This Arborvitae does best when grown with a single leader, and extra main stems should be removed before planting. If you plant Thuja Green Giant it in a wet area, it is suggested that the top of the root ball be placed roughly on an inch or so above the existing soil level. Otherwise, we typically recommend using the pot it was delivered in as a guide for measuring how deep to dig the planting well (approximately 8-12 inches deep) for traditional soil. Planting it deeper than the pot it was delivered in can cause rotting of the stem and death to the tree. Remove enough soil from the hole or trench so that the plants sit just an inch or so below the final level of the ground. It’s best if the soil underneath is firm so that your plant will not be pushed deeper as you plant.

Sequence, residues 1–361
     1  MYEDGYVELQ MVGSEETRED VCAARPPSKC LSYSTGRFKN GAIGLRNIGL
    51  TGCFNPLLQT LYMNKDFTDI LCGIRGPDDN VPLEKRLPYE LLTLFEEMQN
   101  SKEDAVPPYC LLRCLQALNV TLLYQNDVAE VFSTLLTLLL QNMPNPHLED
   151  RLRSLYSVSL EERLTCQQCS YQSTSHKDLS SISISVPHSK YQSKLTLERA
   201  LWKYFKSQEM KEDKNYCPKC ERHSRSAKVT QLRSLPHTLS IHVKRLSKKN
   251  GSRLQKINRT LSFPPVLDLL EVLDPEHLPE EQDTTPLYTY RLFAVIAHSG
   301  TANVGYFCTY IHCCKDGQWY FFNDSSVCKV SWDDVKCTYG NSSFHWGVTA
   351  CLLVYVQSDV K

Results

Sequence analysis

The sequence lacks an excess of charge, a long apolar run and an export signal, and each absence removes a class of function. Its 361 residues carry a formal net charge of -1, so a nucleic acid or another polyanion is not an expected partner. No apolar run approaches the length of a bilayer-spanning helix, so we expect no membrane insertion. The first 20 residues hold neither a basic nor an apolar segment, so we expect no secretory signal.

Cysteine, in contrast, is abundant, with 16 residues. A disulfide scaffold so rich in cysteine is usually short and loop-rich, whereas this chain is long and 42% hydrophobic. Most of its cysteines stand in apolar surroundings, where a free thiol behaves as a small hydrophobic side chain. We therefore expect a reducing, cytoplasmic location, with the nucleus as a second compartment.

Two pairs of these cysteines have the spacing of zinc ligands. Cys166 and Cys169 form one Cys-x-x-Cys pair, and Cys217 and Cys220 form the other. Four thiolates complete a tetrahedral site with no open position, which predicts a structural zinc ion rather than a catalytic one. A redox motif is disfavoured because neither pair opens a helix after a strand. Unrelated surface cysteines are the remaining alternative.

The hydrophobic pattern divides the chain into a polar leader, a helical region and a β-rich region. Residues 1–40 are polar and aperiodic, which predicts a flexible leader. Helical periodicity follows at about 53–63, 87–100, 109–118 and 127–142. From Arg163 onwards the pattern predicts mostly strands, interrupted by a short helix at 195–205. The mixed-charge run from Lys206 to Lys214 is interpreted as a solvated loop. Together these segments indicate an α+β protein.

HOW TO FERTILIZE A THUJA GREEN GIANT ARBORVITAE
When it comes time to fertilize your Arborvitae Green Giant, we recommend Espoma Bio-Tone Plus Starter Plus fertilizer. We have tried many so-called “starter fertilizers” over the years and have come to rely on this one exclusively for our use. Simply mix the recommended amount of Bio-Tone Plus Starter Plus into the back-fill soil and water in generously when back-filled. We recommend adding fertilizer to the soil when the tree is freshly planted in its new home in your garden, and during early spring to give it the extra boost it needs to flourish and grow after the winter season. This will give new branches and foliage a chance to kick start growth before the season ends.
HOW TO WATER Arborvitae Green Giant